- Catalytic upgrading: The catalytic upgrading of sugars and alcohols involves liquid phase technologies such as aqueous phase reforming. A variety of catalytic processes are used in this route to transform a carbohydrate stream into hydrocarbon fuels. Catalytic sugar and alcohol upgrading use liquid phase technology such as aqueous phase reforming. Hydrolysis, hydrogenation, hydrogenolysis, dehydration, isomerization, oxidation, aqueous phase reforming (APR), and aldol condensation are examples of liquid phase technologies. At a certain temperature, biomass (lignocellulosic, sugars, and starches) is processed with dilute sulfuric acid catalyst. The slurry is then purified of insoluble solids, proteins, and inorganic compounds that are harmful to the operation of the plant's equipment and catalysts, and after possible hydrogenation or hydrogenolysis in pretreatment reactors, it is finally routed to the aqueous phase reforming (APR) catalytic reactor with a sugar concentration of 10 to 15% wt.
- Pyrolysis: Pyrolysis is the endothermic reaction that takes place by heating lignocellulosic biomass at 300–900 °C in absence of air. The method generates liquid pyrolysis oil, which may be refined to hydrocarbon fuels either independently or as a feedstock for co-feeding with crude oil into a normal petroleum refinery.
- Biomass to Liquid thermochemical process (Gasification): Biomass is thermally transformed to syngas and catalytically converted to hydrocarbon fuels throughout this process. Gasification is an exothermic process that partially oxidizes biomass or carbonaceous fuels to produce synthesis gas (syngas). It is accomplished by heating the material over 700 °C with a regulated sub-stoichiometric quantity of O2 and/or steam, resulting in the formation of mixes including syngas (i.e., CO and H2) and lesser quantities of CO2 and CH4. In biomass to liquid technology involves the production of syngas which are rich in H2 and CO and the subsequent chemical synthesis of liquid green diesel through the well-known Fischer-Tropsch (FT) process.
- Pure Form: Green diesel in its purest form has the nomenclature R20. Because renewable diesel is chemically identical to petroleum diesel, it may be used as a drop-in fuel in its pure form.
- Blended Form: The blended form refers to the blended variation of diesel. R20, for instance, is a combination of 20% renewable diesel and 80% petro-diesel. B20R80 is a combination of 20% biodiesel and 80% green (renewable) diesel that produces 100% biofuel. B20R20 combines 20% biodiesel, 20% renewable fuel, and 60% petroleum diesel. Because renewable diesel is chemically identical to petro-diesel, it may be combined in any quantity; however, users may need to add an additive to alleviate lubricity issues associated with molecules that lack oxygen. Green diesel is extensively used in its blended form in the market.
- Fuel: Since green diesel has the same chemical structure as petroleum diesel, it may be used in engines built to run on conventional diesel fuel without the need for mixing. It satisfies the ASTM D975 standard for conventional petroleum, allowing it to be utilized in existing infrastructure and diesel engines.
- Power Generation: Green Diesel is also used as a fuel for diesel generators for generating electricity during times of power cuts in hospitals communities and office areas, approx. Biopower systems employ procedures like those used with fossil fuels to transform sustainable biomass fuels such as green diesel into power generation and electricity. It can also be utilized to produce electricity in backup systems in places where emissions are a concern, such as schools, hospitals, and residential areas.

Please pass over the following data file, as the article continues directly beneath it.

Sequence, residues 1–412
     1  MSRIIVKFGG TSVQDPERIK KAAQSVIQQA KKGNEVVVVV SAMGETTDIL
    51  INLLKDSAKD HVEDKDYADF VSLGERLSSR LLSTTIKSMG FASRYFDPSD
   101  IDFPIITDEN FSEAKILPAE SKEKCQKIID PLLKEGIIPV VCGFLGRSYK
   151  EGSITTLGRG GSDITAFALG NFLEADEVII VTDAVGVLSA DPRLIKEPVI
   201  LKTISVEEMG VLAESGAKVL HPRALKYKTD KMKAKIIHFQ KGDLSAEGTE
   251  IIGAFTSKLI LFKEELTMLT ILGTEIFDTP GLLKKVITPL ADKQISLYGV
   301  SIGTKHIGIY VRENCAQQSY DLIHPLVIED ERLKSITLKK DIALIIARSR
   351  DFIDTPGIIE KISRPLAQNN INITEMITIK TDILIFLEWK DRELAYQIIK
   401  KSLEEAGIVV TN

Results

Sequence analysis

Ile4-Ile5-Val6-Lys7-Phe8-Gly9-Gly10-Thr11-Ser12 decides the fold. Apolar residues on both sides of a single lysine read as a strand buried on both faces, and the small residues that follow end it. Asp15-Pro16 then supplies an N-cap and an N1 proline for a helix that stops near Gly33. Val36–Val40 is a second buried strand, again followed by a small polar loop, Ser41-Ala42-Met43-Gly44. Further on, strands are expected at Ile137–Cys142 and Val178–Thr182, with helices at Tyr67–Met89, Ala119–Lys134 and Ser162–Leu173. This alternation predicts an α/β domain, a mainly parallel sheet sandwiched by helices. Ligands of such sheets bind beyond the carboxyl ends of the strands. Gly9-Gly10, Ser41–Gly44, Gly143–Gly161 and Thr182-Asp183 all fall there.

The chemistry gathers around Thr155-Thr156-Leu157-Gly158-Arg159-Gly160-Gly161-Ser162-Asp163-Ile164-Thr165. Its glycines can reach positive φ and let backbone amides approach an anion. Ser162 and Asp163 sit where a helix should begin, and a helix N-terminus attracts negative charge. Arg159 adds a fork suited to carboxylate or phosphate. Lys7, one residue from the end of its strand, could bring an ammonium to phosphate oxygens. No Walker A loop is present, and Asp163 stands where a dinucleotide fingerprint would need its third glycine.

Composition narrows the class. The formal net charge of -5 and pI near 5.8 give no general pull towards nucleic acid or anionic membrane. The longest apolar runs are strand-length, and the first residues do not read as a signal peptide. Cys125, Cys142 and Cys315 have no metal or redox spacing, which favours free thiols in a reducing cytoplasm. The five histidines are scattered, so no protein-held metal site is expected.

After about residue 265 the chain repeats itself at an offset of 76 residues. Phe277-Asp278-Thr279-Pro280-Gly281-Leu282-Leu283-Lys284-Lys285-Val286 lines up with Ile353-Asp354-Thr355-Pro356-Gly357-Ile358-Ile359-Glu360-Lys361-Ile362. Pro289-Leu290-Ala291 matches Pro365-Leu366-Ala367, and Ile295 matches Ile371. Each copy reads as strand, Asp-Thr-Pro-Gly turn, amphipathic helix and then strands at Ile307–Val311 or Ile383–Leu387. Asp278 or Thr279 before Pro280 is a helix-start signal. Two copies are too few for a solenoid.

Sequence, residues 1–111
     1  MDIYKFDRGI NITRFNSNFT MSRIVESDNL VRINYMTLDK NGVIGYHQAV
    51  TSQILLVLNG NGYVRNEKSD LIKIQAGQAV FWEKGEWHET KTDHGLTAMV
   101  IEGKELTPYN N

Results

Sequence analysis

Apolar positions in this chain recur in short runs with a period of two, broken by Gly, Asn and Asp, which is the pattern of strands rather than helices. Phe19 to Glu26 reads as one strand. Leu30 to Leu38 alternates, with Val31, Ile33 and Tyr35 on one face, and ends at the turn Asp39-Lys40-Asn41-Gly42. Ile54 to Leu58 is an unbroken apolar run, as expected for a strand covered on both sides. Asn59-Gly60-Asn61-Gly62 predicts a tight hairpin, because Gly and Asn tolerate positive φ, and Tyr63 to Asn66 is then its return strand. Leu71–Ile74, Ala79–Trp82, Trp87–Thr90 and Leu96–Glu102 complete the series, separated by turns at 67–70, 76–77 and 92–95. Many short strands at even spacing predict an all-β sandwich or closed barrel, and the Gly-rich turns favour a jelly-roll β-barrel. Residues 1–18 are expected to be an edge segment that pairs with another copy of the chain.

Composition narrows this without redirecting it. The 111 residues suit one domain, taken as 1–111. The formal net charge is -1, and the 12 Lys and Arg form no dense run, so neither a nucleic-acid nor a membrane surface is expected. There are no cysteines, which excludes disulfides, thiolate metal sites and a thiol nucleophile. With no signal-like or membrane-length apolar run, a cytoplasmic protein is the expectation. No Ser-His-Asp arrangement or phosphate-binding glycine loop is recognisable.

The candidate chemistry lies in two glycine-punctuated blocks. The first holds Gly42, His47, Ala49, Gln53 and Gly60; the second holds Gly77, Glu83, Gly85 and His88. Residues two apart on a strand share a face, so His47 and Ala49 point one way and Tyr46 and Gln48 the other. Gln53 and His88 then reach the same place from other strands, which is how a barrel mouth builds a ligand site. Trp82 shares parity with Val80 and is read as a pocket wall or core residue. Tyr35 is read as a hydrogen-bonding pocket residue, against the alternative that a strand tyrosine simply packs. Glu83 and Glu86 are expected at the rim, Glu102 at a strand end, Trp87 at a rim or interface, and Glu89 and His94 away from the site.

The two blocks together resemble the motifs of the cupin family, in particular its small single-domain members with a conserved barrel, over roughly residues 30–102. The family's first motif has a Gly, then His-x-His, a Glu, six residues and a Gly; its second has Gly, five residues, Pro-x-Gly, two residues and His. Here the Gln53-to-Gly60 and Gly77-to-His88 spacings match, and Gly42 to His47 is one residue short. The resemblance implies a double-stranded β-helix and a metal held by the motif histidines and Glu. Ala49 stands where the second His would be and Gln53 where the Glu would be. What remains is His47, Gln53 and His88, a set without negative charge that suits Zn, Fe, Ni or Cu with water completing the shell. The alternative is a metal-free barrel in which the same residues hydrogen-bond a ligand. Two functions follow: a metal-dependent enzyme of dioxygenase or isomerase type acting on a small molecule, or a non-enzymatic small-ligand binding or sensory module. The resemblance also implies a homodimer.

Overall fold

- Others: The other applications of green diesel can include heat generation and use in machinery. The notion of bioheat has grown in popularity in recent years. It relies on biofuels such as biodiesel and green (renewable) diesel as a source of heat. A green diesel blend for heating can also minimize sulfur, carbon, and nitrogen emissions. Application in which diesel is used is the industrial machinery used for lifting heavy loads, also used in construction in operating machines in the construction, green diesel or green diesel blends can also be substituted.
- North America: North America holds up the largest market in the production of green diesel with its advancement in technology and promoting a clean environment, also with the increase in concern government made mandatory rules for the usage of green diesel. The government has also introduced various incentives to increase the cost competitiveness of green diesel. Many renewable diesel (green diesel) manufacturers are stationed in this region, especially in the US. As per EIA, the U.S. renewable diesel production capacity was 170,000 barrels per day (b/d), or 2.6 billion gallons per year (gal/y), at the end of 2022.
- Europe: Major countries like Russia, Germany, UK seek to decarbonize maritime, aviation, and heavy-duty road transport by replacing fossil fuelsAccording to Bio-Diesel Magazine, demand for renewable diesel in the European Union was up in 2020 and 2021 despite the COVID-19 pandemic. Demand for green liquid fuels in Europe is set to double by 2030. The Netherlands is expected to be the top renewable diesel producer in 2022 at 1.22 billion liters, followed by Italy and Spain at 800 million liters and 460 million liters, respectively.
- Asia-Pacific: Asia-Pacific countries’ efforts to decarbonization are most likely to determine the extent of adoption of renewable diesel. With the increase in new technology to reduce carbon emissions the countries have started using new clean fuels like green diesel. India, China, and Japan have come up with the production and use of green diesel fuel as an alternative to normal diesel.
- Middle East & Africa: With the development of infrastructure and urbanization, the industrial and logistic use increase will increase the demand for green diesel.
- South America: With the growing demand due to the rise in industrialization and urbanization in major countries, the need and production of clean fuel will increase which increase the market of green diesel fuel.